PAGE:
(4) a primary cloud and then a small secondary cloud of four outliers. The secondary cloud appears to be influencing the line somewhat strongly, making the least square line fit poorly almost everywhere.
(5) no obvious trend in the main cloud of points, the outlier on the right appears to largely control the slope of the least squares line.
(6) one outlier far from the cloud, but falls quite close to the least squares line and does not appear to be very influential.

There is some trend in the main clouds of (3) and (4). In these cases, the outliers influenced the slope of the least squares lines. In (5), data with no clear trend were assigned a line with a large trend simply due to one outlier (!).

Leverage: Points that fall horizontally away from the center of the cloud tend to pull harder on the line, so we call them points with high leverage.
If one of these high leverage points does appear to actually invoke its influence on the slope of the line – as in cases (3), (4), and (5) of Example 7.23 – then we call it an influential point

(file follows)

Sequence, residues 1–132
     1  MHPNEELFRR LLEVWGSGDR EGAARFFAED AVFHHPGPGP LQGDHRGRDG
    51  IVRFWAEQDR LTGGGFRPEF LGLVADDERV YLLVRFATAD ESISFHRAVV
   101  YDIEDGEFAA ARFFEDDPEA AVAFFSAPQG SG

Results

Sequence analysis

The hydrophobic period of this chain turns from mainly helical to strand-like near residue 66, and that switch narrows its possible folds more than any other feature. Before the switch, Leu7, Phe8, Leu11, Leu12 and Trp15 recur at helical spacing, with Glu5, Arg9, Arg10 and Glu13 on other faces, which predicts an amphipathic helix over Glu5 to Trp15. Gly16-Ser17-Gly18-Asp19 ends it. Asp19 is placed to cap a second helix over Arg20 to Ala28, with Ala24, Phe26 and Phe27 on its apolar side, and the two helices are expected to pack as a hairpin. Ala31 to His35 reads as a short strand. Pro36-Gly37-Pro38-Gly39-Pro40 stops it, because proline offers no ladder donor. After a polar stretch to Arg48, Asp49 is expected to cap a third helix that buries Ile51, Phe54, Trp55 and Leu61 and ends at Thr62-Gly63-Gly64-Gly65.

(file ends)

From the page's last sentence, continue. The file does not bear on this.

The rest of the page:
Implemetations in R

  • correlation: cor(x, y, na.rm=FALSE)
    na.rm is an optional argument that indicates whether or not missing values should be removed when computing the summary measure.
    • compute p-value give T-score: pt(t-stat, df)

Inference
fit <- lm(Y~X, data=MyData)
summary(fit)

  • It is not possible in the lm() function to specify the claimed value for the hypothesis test involving the regression coefficients or to specify a less than or greater than alternative hypothesis.
  • when fitting a regression line to a data set, only observations with non-missing values for both X and Y will be included in the analysis. T

Confidence Interval
confint(fit, level=0.95)

Inside the fit list
lm() object is a list that stores all of the output generated by the function call, and we can apply the names() function to the list object to determine what elements are stored in the list.

  • fit$coefficients will print a length 2 vector containing the estimated regression coefficients.
  • fit$fitted.values[1]
  • fit$residuals[1]
  • plot the regression line: abline(fit, col='blue', lwd = 3)
  • highlight a point: points(X_value, X_variable, col='red', pch = 19)

Check Conditions

  • Linearity: plot(fit$residuals~x),no pattern; or plot(fit$residuals ~ fit$fited_values), a horizontal line at zero

  • Normality: $y-\hat{y}$ (residual) ~ theoratical quantile of a normal distribution qqPlot(fit$residuals), should be a y=x line